Internal Communication and Mental Models 
Internal Communication—Why Does it Matter? 
The Two-Step Flow and Relational Dialectics 
Internal Communication Best Practices 
The Overall Importance of Internal Communication
Conclusion 
Review Questions 
References 

Chapter 11 Perceptual, Behavioral, Cognitive, and Affective Experiences 
Perceptual Effects 
Cognition 
Mediated Learning 
Affective Experiences
Linking Affect and Learning 
Risk=Hazard+Outrage 
Conclusion 
Discussion Questions
References

Chapter 12 Public Relations and Messaging
Crisis and Emergency Response Communication 
Public Relations and Crisis Communication 
Image Repair Theory 
Exemplification Theory 
Messages Containing Two Stages 
Actions that can be Prescribed in Messages 
Conclusion 
Discussion Questions 

Chapter 13 Future Directions and Conclusion 
References 

Index 

Kenneth A Lachlan

Ken Lachlan is Associate Professor at the Department of Communication at the University of Connecticut. Prior to his academic career, he worked in public radio and television promotions for several years. His research interests include the psychological effects of mass media, health and risk communication, social robotics, and new media technologies. Recent publications have appeared in the Computers in Human Behavior, Media Psychology, and the Journal of Applied Communication Research, to name a few. Ken considers himself mostly a quantitative scholar, preferring experimental and survey methodologies in investigating his areas of interest. He has also served as a consultant statistician for various companies and government agencies. He holds a dual B.A. in Communication and Sociology from Wake Forest, an M.A. in Mass Communication from Bowling Green State University, and a Ph.D. in Communication from Michigan State. An avid jogger and diehard hockey fan, Ken lives in Hartford, CT with his wife and their cat.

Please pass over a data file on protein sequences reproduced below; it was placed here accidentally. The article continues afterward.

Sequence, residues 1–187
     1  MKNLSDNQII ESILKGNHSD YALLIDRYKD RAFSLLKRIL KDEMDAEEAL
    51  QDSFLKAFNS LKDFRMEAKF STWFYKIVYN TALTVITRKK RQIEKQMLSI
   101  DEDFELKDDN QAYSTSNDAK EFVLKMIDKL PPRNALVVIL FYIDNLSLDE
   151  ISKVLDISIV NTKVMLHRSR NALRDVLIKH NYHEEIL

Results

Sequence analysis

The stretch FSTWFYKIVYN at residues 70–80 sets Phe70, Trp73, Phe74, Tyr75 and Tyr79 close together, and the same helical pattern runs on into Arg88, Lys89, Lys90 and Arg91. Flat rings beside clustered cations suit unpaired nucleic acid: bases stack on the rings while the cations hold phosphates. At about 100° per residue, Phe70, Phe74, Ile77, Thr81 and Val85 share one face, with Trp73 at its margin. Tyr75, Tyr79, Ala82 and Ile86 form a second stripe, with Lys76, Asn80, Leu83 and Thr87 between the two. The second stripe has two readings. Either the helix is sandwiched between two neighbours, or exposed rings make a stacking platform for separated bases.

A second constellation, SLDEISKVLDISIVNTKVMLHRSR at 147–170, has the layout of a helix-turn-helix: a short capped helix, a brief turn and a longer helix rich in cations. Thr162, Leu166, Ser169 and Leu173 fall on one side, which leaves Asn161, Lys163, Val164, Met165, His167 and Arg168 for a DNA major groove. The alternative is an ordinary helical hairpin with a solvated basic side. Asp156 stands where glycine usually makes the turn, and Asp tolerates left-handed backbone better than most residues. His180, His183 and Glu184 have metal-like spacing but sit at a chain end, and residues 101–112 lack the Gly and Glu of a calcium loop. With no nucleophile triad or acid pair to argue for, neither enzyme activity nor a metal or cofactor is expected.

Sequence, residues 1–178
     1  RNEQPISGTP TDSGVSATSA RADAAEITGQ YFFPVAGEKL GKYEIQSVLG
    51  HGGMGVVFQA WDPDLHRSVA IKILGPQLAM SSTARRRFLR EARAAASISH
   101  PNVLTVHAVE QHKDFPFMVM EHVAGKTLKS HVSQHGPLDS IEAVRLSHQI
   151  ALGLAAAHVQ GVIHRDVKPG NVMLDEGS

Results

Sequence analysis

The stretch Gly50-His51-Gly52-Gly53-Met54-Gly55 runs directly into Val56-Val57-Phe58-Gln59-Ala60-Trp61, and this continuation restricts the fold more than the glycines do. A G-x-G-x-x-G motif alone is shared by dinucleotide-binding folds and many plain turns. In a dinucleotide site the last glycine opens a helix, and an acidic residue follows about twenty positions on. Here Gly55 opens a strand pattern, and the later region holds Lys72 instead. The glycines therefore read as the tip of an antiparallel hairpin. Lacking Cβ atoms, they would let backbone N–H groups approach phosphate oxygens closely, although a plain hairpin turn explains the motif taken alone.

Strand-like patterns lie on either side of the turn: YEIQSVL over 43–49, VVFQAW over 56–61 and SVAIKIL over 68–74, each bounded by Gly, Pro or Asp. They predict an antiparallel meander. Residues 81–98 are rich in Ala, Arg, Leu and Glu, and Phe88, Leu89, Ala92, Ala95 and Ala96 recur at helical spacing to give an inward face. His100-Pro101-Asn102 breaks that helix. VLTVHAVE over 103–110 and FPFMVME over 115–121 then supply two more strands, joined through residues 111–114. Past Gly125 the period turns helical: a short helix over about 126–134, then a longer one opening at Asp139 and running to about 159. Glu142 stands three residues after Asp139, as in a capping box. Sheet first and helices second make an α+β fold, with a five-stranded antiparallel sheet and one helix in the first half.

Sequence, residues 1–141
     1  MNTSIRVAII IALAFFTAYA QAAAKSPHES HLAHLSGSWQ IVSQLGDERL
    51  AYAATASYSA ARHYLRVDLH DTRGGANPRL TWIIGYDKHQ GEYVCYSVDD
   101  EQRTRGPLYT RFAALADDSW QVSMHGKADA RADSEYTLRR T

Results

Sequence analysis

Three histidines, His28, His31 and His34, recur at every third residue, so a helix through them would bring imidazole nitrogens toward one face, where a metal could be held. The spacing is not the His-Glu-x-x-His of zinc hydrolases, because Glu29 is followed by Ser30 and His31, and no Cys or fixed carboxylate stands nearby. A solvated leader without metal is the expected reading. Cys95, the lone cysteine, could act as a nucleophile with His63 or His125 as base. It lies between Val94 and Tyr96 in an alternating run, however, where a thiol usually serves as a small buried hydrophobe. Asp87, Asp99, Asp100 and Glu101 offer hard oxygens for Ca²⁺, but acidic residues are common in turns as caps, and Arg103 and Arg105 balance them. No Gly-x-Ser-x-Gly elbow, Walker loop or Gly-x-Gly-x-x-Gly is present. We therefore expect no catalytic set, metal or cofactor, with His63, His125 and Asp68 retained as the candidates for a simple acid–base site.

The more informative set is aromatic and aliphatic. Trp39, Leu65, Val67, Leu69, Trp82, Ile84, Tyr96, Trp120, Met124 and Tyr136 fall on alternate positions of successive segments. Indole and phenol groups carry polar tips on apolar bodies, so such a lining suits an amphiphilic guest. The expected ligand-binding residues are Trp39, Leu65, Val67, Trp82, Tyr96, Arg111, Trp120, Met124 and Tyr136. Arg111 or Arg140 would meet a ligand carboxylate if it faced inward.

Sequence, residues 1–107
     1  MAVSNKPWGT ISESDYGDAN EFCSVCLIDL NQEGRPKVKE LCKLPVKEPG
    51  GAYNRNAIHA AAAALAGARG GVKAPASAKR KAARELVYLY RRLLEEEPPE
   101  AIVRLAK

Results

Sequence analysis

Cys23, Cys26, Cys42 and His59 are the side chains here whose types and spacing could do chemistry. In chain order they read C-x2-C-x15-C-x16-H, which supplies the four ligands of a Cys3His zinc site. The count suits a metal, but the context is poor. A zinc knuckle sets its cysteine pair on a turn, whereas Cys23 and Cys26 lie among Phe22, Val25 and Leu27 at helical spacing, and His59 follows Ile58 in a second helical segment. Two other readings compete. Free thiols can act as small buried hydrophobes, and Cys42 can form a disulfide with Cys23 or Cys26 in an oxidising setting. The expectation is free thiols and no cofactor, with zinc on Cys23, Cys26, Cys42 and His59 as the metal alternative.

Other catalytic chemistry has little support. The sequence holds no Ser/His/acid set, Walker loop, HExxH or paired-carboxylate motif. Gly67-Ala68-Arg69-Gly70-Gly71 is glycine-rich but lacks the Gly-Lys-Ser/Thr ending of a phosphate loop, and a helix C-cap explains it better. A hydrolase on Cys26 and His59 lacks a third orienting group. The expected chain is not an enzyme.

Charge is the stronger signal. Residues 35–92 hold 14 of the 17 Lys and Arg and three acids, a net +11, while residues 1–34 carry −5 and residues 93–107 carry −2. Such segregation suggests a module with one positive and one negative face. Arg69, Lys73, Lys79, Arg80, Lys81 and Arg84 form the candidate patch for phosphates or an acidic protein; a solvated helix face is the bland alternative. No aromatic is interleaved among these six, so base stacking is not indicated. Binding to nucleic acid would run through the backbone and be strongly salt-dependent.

Patric Spence

Patric R. Spence (PhD, Wayne State University) is a Professor in the Nicholson School of Communication and Media at the University of Central Florida. He is also affiliated with the Communication and Social Robotics Labs and the Center for Rebuilding Sustainable Communities after Disasters. He is the current editor of Communication Studies. His research focuses on communication during crises and other extreme events, communication of risk, social media and social robots. His research has appeared in outlets such as Computers in Human Behavior, Journal of Applied Communication Research, Communication Theory, and Risk Analysis.

Corey Liberman

Corey Jay Liberman (PhD, Rutgers University, 2008) is an associate professor of public relations and strategic communication in the Department of Communication and Media Arts at Marymount Manhattan College. His research spans the interpersonal communication, group communication, and organizational communication worlds, and he is currently interested in studying the social practices of dissent within organizations, specifically the antecedents, processes, and effects associated with effective employee dissent communication, as well as risk and crisis communication. He is currently working on a coauthored book entitled Risk and Crisis Communication: Communicating in a Disruptive World (in press) and is coauthor of Organizational Communication: Strategies for Success (2nd Edition), editor of Casing Persuasive Communication, and coeditor of Casing Crisis and Risk Communication, Casing Mediated Communication, and Casing Communication Theory, all published by Kendall Hunt.

Theodore Avtgis

Related ISBN's: 9781465286444, 9781792453038